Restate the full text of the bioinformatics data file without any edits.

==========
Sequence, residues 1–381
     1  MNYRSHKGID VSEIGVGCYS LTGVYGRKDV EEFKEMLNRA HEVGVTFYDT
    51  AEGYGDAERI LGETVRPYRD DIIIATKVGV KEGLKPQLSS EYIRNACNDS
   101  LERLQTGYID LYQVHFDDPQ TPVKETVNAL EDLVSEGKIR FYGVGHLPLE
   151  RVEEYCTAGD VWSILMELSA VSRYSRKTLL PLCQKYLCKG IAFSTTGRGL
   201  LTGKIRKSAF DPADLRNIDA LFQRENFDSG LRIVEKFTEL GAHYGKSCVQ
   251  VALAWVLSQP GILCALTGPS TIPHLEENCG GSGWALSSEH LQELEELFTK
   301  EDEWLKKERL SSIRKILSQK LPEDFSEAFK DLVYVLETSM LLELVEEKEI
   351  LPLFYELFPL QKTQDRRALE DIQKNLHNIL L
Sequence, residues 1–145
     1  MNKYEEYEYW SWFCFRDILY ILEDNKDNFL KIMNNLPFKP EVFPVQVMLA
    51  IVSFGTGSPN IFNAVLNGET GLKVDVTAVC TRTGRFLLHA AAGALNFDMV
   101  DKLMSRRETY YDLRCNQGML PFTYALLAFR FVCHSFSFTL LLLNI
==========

Sequence, residues 1–381
     1  MNYRSHKGID VSEIGVGCYS LTGVYGRKDV EEFKEMLNRA HEVGVTFYDT
    51  AEGYGDAERI LGETVRPYRD DIIIATKVGV KEGLKPQLSS EYIRNACNDS
   101  LERLQTGYID LYQVHFDDPQ TPVKETVNAL EDLVSEGKIR FYGVGHLPLE
   151  RVEEYCTAGD VWSILMELSA VSRYSRKTLL PLCQKYLCKG IAFSTTGRGL
   201  LTGKIRKSAF DPADLRNIDA LFQRENFDSG LRIVEKFTEL GAHYGKSCVQ
   251  VALAWVLSQP GILCALTGPS TIPHLEENCG GSGWALSSEH LQELEELFTK
   301  EDEWLKKERL SSIRKILSQK LPEDFSEAFK DLVYVLETSM LLELVEEKEI
   351  LPLFYELFPL QKTQDRRALE DIQKNLHNIL L
Sequence, residues 1–145
     1  MNKYEEYEYW SWFCFRDILY ILEDNKDNFL KIMNNLPFKP EVFPVQVMLA
    51  IVSFGTGSPN IFNAVLNGET GLKVDVTAVC TRTGRFLLHA AAGALNFDMV
   101  DKLMSRRETY YDLRCNQGML PFTYALLAFR FVCHSFSFTL LLLNI